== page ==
Read more: http://www.nydailynews.com/sports/more-sports/marquez-proclaims-clean-fighter-article-1.1217978#ixzz2Sgo8Ysal

 

Heredia tweeted an opening email exchange from March regarding testing with USADA but to date, Pascal is as close as a Heredia fighter has come to doing random testing.

 

Regardless of why they entered into an agreement to have random anti-doping testing conducted, Interbox and GYM released a joint statement on April 16 regarding the program.

 

“InterBox, Lucian Bute, Jean Pascal and Groupe Yvon Michel (GYM) hereby confirm that anti-doping tests are in place leading up to their fight scheduled on May 25th at the Montreal Bell Centre,” the statement read. “All parties have agreed on all procedures and both fighters have approved the anti-doping program. The program is inspired by the highest standards in the industry and calls for unannounced testing for each boxer before, during and after the May 25th fight. At the request of the third parties involved in this effort, all procedures and intervening companies shall remain confidential. Both promoters, together with their respective boxers and team members, will not comment further on any aspect related to the program or procedures in place.”

 

Many in the media have wondered about this lack of transparency. Heredia, on twitter has questioned openly why testing has not begun for the fight, which leads one to believe it has not begun. That is a very good question. But to this writer it seems clear in the language that “at the request of the third parties” most likely means at the request of either the sample collection agency or the labs conducting the testing, the procedures involved are being kept in secret. The idea of transparency is not one universally embraced in the anti-doping community. In fact, it would appear to be quite the opposite. Transparency is a matter of philosophy.

 

A brief example:

 

There are two agencies boxing fans are most familiar with: the United States Anti-Doping Agency (USADA) and the Voluntary Anti-Doping Association (VADA).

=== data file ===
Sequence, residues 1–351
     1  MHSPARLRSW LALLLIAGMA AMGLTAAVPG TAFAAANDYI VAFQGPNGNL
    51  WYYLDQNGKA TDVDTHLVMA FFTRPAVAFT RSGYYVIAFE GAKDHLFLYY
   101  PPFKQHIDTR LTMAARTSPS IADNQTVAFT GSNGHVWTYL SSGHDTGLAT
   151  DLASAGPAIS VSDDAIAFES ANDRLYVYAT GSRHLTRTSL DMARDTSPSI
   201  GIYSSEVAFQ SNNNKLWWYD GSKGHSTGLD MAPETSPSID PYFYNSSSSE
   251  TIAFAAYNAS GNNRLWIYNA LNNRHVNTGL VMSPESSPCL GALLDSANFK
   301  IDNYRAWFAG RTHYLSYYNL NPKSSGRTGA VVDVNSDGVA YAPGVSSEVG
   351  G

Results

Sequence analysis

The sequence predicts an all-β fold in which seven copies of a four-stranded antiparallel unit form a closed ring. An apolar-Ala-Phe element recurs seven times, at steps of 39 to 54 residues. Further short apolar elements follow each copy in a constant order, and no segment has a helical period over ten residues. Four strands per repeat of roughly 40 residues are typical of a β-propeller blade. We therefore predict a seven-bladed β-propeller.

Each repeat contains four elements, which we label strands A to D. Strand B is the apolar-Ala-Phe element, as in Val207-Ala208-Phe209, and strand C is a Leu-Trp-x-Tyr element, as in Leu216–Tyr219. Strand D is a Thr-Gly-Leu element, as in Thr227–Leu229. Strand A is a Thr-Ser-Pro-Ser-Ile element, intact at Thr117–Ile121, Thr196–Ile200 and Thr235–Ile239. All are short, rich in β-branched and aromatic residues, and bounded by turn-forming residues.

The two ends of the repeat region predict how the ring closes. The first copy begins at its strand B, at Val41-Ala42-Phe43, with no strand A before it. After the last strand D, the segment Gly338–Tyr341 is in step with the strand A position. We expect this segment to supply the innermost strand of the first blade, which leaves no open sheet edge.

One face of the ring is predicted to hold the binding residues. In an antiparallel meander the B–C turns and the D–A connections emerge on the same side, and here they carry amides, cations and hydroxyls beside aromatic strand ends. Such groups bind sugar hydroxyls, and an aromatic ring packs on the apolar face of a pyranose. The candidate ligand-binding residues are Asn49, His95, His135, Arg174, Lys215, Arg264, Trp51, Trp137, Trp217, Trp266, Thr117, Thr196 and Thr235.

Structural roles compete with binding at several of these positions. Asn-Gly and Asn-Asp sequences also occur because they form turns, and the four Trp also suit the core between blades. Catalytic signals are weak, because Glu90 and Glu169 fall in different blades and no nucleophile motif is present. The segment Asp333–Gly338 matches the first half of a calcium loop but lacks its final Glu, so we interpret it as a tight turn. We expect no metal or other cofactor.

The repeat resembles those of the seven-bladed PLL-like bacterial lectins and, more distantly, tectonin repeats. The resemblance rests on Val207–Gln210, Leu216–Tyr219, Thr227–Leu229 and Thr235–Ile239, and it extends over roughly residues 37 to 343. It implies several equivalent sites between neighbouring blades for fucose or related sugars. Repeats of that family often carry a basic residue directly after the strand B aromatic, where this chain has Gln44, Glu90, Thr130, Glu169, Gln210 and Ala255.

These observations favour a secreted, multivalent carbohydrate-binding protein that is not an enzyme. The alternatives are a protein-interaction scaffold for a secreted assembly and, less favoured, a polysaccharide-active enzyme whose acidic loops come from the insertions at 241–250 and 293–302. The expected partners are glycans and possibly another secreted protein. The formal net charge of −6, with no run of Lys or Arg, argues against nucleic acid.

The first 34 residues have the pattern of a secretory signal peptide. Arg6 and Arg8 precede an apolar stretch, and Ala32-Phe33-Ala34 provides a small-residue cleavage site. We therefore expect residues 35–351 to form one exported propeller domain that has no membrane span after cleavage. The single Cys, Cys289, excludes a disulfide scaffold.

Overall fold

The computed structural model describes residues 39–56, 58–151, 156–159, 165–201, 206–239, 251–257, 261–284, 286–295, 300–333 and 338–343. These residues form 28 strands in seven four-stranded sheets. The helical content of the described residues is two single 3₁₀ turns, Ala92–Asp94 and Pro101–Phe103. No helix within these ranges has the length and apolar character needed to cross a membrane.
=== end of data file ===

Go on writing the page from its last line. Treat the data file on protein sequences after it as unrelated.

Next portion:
Both agencies utilize World Anti-Doping Agency (WADA, the standard setting anti-doping agency) accredited labs. But USADA is a believer in the traditional school of thought that the less the athlete knows about the testing, the better. The unknown is a deterrent to that school of thinking. They may do a certain test a certain percentage of the time, they may not. The athlete, according to this philosophy, should never know the window of testing or what tests are to be conducted.

 

To a group like VADA, strict testing protocols and rules are the way to catch drug cheats. The highly effective Carbon Isotope Ratio testing method is used on 100% of every urine sample taken by VADA in order to attempt to detect the PED of choice for the modern athlete: synthetic testosterone. This is a selling point of VADA. They aren’t trying to hide what they do.

 

Another differing rule in regards to this philosophy is the missed tests rule. Under VADA rules, if an athlete misses two sample collection dates, whether that is in Nonito Donaire’s 365/24/7 testing protocol or a simple training cap length protocol, he is out of the program and the missed test is considered a positive test. That result is sent to WADA and the relevant agencies such as Fight Fax, the commission of record, etc.

 

In USADA’s year round program for amateur athletes, an athlete can miss three times within eighteen months with the third miss being the positive. It’s unknown how many tests a fighter can miss in the testing protocol set up between for training camp only.

 

This is not to be used as a selling point for either agency but rather a quick look at an older way of thinking and a newer way of thinking. I point this out to say that this third party asking for silence regarding the testing is not an unusual request. It is in fact, how things are normally done. Time will tell if that is good, bad or indifferent.

 

The drug testing program, as reported by Lem Satterfield of RingTV.com (http://ringtv.craveonline.com/blog/178333-bute-pascal-to-be-randomly-drug-tested) was purportedly supposed to last through a possible rematch between Bute and Pascal. Interbox president Jean Bedard said that with all the work put in by both companies to put this testing program together, it’s hard to imagine abandoning it. However, as the fight was barely being postponed on Tuesday and so many questions left such as what to do with the rest of the card, it’s hard to know at present what will happen to it going forward.

 

When asked if testing had even begun, Bedard answered “It’s confidential because we don’t want the fighters to know if the testing is on or not so we keep it confidential. But with the fight postponed, we will see what is going to happen with the program. But for sure it could continue.”